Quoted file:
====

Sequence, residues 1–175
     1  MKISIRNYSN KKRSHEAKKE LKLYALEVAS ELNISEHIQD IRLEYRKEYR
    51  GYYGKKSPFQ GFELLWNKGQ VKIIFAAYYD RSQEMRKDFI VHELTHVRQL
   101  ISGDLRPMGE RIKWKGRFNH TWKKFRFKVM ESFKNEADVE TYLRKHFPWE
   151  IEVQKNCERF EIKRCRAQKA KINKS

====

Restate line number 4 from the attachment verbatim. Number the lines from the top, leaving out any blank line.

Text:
   101  ISGDLRPMGE RIKWKGRFNH TWKKFRFKVM ESFKNEADVE TYLRKHFPWE